Indeed, there were a myriad of issues to be resolved to scale the ‘454’ platform, originally optimized for OC-48 operation, to support OC-192 transport. Furthermore, as the organization scaled, communications became less coherent, as evidenced by the breakdown in requirements, and the lack of a coordinated implementation within Hui’s engineering organization between hardware and ASIC development and integration.
But the Cerent team persevered. “Despite all the constraints,” as Hui points out, “the hardware team was able to squeeze the entire OC-192 into a single line card [footprint] and the ASIC team was able to design BTC192 and SXC192 with the most gate count and pin count as well as the highest I/O speed.” In addition to the core functionality of the 10 Gbps capability, Hui adds, “The mechanical team was able to [complete] their thermal analysis and as a result, a new fan tray was required.”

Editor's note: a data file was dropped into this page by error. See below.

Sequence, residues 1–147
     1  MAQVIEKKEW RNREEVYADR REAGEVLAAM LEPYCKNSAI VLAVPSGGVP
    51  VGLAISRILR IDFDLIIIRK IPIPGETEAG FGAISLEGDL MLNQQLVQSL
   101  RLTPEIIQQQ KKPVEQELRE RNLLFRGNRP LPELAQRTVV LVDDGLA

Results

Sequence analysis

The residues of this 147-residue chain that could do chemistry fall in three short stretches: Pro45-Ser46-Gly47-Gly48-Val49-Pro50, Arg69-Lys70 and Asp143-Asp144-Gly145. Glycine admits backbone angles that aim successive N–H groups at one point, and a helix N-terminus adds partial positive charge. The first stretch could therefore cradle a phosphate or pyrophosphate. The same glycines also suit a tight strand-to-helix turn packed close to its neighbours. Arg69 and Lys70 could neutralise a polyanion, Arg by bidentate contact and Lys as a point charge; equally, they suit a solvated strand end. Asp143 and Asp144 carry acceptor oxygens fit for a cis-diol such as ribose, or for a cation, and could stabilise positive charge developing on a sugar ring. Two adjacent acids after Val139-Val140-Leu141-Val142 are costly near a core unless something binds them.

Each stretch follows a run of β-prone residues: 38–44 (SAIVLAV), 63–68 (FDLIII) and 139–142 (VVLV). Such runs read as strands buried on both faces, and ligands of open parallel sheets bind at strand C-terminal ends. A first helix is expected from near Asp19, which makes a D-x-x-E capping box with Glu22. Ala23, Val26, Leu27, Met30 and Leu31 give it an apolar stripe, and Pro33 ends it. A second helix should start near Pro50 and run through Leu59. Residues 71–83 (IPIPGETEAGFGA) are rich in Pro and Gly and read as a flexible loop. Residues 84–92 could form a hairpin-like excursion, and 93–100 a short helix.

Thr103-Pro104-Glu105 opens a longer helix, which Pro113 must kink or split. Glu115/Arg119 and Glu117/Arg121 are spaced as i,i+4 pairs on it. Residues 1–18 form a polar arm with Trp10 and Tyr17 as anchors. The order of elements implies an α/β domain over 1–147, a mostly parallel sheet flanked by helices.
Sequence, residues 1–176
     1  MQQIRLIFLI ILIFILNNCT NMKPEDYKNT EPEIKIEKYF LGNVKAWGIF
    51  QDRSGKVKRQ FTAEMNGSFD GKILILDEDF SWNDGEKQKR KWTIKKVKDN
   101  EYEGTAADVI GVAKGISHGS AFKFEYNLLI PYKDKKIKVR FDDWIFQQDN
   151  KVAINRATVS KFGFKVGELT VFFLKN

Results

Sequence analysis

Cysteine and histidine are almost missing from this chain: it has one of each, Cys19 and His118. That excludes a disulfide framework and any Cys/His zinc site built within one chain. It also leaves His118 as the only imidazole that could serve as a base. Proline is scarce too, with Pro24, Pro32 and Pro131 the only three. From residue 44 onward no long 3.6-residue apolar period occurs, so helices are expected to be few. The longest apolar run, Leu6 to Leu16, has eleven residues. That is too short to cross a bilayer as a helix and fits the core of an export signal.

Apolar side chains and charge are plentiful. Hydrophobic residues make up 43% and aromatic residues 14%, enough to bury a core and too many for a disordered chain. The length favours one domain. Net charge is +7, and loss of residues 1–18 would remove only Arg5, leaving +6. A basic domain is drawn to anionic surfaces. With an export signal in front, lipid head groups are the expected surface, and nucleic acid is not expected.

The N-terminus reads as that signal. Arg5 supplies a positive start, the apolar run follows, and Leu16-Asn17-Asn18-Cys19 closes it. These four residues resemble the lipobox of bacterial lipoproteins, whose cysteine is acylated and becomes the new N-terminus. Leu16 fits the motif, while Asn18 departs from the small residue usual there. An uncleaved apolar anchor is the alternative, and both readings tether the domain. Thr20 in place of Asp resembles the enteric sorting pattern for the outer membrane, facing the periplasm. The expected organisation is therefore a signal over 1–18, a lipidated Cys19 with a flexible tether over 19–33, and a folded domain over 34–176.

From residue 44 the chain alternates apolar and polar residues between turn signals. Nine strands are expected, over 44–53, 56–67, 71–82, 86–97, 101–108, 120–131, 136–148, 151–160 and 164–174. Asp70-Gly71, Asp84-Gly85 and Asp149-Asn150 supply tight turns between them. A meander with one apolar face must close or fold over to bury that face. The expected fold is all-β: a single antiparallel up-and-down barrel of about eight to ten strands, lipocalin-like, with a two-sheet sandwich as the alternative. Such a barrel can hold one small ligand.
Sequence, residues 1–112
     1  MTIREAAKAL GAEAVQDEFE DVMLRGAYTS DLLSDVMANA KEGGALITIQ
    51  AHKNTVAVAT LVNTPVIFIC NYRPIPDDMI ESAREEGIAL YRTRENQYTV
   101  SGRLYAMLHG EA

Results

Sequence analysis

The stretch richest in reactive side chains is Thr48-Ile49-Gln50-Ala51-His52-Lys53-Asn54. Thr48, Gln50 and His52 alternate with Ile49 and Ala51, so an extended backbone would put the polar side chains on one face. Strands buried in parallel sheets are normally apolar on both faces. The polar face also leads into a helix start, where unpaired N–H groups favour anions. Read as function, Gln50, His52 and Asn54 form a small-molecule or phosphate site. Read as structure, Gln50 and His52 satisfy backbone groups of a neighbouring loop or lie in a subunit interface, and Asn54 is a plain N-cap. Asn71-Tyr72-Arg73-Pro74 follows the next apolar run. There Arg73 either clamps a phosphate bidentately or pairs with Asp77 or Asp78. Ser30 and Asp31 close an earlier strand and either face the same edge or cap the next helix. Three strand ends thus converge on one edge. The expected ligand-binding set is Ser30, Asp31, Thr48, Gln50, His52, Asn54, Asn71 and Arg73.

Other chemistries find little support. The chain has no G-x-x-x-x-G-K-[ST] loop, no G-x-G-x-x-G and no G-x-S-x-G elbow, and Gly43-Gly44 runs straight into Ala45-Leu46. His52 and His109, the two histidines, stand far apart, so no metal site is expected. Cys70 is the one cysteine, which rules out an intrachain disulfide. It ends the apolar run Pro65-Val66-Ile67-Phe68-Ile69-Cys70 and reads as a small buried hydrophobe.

Today, Hui reflects on his OC-192 experience, “This is a good lesson for a startup that unless marketing, sales, product management, engineering, and manufacturing work closely together, the startup’s [engineering program] is doomed to fail.
However, as highlighted in my original BLOG post, “The 10 Gbps capability quickly became a big hit for Cisco and it spurred on the optical development that made wavelength division multiplexing in the metropolitan network mainstream.”